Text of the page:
- 13 February 2017
- Corporate and M&A
Conflicts of interest issues can arise under a variety of circumstances, even in corporate transactions where parties may have alternative motives to complete the deal. To mitigate the risk of a conflict of interest arising and avoid breaching ethical or fiduciary duties, companies should strive for transparency.
Conflicts of Interest
Conflicts of interest do not usually refer to conflicts between two people. Instead they relate to situations where private interests conflict with professional interests and responsibilities. For example, a board of directors owe duties to their company. If they take advantage of business opportunities to the detriment of the company, there could be a conflict issue.
Closely related to conflicts of interests are fiduciary duties. A fiduciary has an obligation to act in the interests and for the benefit of his beneficiaries, principals, clients or fellow partners.
Fiduciary duties are based on four basic rules, all of which are strictly imposed:
- No conflict of duty or interest;
- Not to profit from or misuse property held in a fiduciary capacity;
- Undivided loyalty; and
Formula 1 Acquisition
The £6.4bn acquisition of Formula 1 (F1) by Liberty Media Corporation was subject to numerous hurdles, including the requirement that the F1 regulatory body, Fédération Internationale de l’Automobile (FIA), approve the buyer.
In January 2017, the FIA released a statement approving the sale to Liberty Media Corporation, having been satisfied that Liberty, as a renowned media organisation with expertise in both sport and entertainment, is well positioned to ensure the continued development of the F1 championship.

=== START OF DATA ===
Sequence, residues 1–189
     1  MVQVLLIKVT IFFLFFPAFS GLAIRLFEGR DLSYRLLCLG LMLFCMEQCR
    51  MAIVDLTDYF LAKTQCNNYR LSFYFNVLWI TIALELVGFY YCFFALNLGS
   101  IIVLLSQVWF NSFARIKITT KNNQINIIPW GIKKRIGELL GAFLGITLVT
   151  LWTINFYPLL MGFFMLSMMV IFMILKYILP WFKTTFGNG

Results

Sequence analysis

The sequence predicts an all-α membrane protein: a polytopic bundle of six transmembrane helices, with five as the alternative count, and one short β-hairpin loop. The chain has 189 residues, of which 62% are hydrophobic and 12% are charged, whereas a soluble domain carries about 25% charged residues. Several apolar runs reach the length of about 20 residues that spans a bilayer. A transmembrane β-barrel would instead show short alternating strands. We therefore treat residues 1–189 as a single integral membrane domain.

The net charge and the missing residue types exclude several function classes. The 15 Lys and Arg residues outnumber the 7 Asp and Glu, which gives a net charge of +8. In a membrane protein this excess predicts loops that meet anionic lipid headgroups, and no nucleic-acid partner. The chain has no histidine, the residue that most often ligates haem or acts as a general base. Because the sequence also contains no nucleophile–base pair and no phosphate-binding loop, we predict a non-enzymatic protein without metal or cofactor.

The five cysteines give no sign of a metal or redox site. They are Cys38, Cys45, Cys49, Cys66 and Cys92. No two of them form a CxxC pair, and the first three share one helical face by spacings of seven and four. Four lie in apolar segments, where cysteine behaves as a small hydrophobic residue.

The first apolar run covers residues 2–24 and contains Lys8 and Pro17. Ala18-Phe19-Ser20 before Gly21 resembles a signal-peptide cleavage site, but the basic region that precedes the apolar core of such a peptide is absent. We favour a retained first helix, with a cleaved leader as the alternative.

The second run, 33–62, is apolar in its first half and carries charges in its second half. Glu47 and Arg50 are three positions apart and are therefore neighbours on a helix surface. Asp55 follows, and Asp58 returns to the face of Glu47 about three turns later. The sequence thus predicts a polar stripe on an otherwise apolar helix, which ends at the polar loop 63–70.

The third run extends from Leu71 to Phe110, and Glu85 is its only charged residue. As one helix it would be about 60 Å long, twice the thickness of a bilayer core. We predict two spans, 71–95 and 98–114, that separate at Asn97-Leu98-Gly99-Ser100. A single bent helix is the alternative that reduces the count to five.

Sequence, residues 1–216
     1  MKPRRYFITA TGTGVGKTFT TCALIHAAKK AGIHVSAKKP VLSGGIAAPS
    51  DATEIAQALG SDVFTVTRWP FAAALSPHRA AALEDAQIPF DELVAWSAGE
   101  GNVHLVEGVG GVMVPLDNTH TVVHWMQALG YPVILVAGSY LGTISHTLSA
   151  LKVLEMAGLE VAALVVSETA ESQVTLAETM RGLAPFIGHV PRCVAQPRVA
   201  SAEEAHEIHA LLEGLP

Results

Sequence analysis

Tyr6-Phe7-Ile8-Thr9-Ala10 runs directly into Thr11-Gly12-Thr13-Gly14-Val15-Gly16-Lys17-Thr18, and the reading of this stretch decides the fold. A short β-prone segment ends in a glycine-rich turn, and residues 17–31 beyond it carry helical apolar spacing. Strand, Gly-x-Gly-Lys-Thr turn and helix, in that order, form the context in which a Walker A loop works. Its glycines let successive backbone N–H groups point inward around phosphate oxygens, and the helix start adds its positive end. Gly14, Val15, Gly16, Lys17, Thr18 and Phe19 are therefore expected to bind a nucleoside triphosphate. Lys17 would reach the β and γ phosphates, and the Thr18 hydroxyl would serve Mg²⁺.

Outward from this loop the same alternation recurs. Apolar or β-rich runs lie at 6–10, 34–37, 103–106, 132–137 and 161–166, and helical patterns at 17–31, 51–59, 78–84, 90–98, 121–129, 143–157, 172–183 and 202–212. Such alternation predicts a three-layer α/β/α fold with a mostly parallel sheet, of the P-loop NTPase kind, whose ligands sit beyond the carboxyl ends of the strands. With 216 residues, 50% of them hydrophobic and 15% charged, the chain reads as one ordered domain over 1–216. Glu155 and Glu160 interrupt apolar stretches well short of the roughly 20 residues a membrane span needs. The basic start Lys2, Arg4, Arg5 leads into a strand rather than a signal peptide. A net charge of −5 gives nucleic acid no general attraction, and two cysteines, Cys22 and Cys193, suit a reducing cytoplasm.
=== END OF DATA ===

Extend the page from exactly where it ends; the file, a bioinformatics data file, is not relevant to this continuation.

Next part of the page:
Prior to FIA’s approval of the buyer, The Economist highlighted the potential conflict of interest in FIA’s decision-making. Though it is unclear whether the FIA board of directors, as a regulatory body, would even owe fiduciary duties, The Economist argued that the FIA had a financial incentive to approve the buyer because it holds a cut-price 1% stake in the controlling parent company of F1 (Delta Topco Limited) that becomes monetised if F1 is sold.
In corporate deals, companies should always be sensitive to conflicts and be aiming to demonstrate full transparency. As a starting point, we recommend conducting the appropriate due diligence to uncover any issues that may not be apparent on the surface.
To mitigate the risk of a conflict of interest arising and avoid breaching ethical or fiduciary duties, companies should strive for transparency.
This information is for guidance purposes only and should not be regarded as a substitute for taking legal advice. Please refer to the full General Notices on our website.